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Teaching overseas can be a great experience - countless articles and blog posts provide advice on how to find the perfect job teaching abroad and what an amazing experience teaching overseas can be.

Yesterday, I just got back from a whirlwind trip to Detroit, Michigan for my sister’s elopement. At the check in for my flight, I noticed a nervous young man who looked to be in his very early 20s. As I stood at the automatic check in waiting for my boarding pass to print, I overheard him talking to an older man whom I guessed was his dad.

So, you have followed my advice from previous blog posts – you wrote a great resume and found an awesome job. You got your visa and are getting ready to embark on the experience of a lifetime. Here are some tips from someone who has both taught abroad and vicariously experienced the successes and occasional failure of many other teachers through my job as a recruiter.

My Korean Mom

One of the most hilarious blogs I’ve ever run across after living in South Korea as a foreign teacher was “Stuff Korean Moms Like” on Blogspot.

Before I accepted my overseas teaching assignment in South Korea, I never realized that Korea would have so many amazing foods that I would grow to love so much. As a result of my three years as an expat ESL teacher American ESL teacher, both my husband and I fell completely in love with many everyday Korean foods.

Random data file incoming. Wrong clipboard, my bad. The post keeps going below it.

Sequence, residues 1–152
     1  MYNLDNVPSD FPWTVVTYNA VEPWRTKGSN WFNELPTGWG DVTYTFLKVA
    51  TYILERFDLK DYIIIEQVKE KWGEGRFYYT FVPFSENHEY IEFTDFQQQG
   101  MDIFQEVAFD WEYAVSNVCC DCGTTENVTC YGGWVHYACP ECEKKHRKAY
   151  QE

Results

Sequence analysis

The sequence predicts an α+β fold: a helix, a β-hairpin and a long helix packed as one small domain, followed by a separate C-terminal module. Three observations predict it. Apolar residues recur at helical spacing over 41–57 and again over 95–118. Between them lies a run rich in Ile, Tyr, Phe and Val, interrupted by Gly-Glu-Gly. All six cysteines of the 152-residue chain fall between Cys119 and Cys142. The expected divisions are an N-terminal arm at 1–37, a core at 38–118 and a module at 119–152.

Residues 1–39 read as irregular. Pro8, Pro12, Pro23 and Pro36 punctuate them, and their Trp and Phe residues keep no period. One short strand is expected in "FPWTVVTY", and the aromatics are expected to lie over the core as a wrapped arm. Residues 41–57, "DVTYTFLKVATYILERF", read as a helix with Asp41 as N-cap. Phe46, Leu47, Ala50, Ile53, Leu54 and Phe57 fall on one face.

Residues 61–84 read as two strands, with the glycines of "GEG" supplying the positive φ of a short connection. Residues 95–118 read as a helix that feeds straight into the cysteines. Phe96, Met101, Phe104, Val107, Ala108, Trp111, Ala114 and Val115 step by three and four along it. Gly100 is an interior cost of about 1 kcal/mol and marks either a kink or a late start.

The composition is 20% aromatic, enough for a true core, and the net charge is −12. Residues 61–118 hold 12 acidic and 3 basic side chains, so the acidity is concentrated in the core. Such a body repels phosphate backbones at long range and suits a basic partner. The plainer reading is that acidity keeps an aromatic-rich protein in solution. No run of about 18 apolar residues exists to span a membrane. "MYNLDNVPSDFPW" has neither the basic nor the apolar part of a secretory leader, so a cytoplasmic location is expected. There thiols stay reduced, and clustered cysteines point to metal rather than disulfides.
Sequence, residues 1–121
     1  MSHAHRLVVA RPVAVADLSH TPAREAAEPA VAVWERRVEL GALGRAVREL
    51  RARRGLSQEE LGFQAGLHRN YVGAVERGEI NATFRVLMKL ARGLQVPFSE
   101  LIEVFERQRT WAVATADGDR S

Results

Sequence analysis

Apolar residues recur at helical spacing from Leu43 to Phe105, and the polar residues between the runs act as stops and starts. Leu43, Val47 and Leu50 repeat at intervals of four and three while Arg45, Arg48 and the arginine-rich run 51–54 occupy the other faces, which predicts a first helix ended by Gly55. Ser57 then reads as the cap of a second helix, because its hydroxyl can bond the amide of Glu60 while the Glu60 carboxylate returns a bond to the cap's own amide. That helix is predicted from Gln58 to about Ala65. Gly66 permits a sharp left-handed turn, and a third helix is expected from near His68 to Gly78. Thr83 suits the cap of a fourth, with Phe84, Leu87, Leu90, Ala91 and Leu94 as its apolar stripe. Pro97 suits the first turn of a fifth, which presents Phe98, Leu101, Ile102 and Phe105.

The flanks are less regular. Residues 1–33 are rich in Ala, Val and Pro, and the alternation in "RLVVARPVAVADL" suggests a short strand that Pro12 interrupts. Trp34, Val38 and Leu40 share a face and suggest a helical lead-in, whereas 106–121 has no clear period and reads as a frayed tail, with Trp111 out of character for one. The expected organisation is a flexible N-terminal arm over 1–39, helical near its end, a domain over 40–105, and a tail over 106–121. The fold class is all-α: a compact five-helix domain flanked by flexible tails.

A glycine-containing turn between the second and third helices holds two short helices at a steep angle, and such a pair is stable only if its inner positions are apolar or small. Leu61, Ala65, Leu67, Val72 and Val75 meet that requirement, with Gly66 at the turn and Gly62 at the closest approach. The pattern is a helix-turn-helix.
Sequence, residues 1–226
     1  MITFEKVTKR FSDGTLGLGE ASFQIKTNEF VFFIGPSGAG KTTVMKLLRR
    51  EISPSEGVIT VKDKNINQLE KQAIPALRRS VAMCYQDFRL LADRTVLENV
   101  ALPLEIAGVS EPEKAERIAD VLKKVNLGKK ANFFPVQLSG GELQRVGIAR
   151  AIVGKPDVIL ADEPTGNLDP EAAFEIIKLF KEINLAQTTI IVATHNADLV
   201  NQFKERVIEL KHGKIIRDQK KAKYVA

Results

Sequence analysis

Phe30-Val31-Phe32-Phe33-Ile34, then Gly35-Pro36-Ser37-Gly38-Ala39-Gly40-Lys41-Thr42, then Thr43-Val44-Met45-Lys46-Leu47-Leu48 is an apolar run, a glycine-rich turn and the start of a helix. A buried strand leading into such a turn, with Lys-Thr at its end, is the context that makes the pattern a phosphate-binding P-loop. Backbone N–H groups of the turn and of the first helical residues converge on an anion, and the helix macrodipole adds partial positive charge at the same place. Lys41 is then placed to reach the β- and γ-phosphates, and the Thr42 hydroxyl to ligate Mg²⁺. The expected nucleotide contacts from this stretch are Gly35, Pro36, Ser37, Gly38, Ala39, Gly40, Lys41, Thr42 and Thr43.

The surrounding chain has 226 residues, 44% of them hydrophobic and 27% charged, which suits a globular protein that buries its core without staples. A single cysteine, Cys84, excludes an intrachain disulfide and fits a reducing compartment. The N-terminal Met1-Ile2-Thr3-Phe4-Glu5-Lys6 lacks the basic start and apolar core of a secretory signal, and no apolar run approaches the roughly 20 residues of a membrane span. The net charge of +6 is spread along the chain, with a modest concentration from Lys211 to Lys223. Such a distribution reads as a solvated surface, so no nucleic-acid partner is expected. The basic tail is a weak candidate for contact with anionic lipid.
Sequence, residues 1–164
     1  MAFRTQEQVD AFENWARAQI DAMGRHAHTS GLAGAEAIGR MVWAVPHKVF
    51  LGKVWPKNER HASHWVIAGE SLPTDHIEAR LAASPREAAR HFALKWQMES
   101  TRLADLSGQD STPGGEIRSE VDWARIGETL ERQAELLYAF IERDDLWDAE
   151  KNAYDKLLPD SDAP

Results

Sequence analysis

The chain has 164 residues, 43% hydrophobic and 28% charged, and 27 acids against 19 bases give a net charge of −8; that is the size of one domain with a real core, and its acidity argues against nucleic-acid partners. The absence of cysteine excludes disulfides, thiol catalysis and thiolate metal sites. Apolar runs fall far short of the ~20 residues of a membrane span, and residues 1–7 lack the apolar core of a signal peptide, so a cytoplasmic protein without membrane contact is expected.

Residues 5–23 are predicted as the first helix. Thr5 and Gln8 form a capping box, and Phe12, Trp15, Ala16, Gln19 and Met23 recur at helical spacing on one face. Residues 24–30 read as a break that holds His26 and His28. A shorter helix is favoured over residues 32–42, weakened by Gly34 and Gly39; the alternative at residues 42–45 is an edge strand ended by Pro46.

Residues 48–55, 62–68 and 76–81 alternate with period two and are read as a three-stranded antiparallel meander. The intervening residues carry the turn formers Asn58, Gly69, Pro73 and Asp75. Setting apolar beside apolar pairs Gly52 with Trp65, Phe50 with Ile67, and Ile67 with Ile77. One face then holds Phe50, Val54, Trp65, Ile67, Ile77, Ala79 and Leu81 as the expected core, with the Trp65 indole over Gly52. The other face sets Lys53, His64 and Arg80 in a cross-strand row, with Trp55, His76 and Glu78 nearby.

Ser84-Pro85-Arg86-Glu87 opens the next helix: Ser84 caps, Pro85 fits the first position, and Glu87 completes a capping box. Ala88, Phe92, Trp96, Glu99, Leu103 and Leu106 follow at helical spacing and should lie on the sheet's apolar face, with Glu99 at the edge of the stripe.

In my last article I covered how to write a resume for teaching English abroad. This week I’d like to cover some conventional and non-conventional job seeking strategies you can employ to help you find a great job teaching abroad. Many of these same strategies are also applicable to the domestic, non-teaching job market as well.

I’ve been recruiting ESL teachers for nearly 15 years. Over the last decade and a half I have looked at tens of thousands of resumes and helped many thousands of individuals find work teaching English abroad. I have also come to the conclusion that most individuals seeking work as ESL teachers, or seeking work in general, have no idea how or even why to write a resume.

After trying to explain to an older female Korean teacher at my school how much I loved my dog, I finally used the example of the cow in India. “The dog is a sacred animal for many Americans,” I stated exasperated. She finally nodded quizzically, like a person observing a foreign custom.

The U.S. Employment and Equal Opportunity Commissions states that it is illegal for an employer to ask for a photograph of a potential new hire. Similarly, there are questions that employers are not allowed to ask during the job interview process, due to potential issues of discrimination in America.

As a part of my job I regularly give talks to groups of local TESL/TEFL/TESOL/CELTA students who are finishing their TESL courses. I get invited by local TESL schools local colleges with TESL programs to talk about international employment opportunities for TESL graduates.


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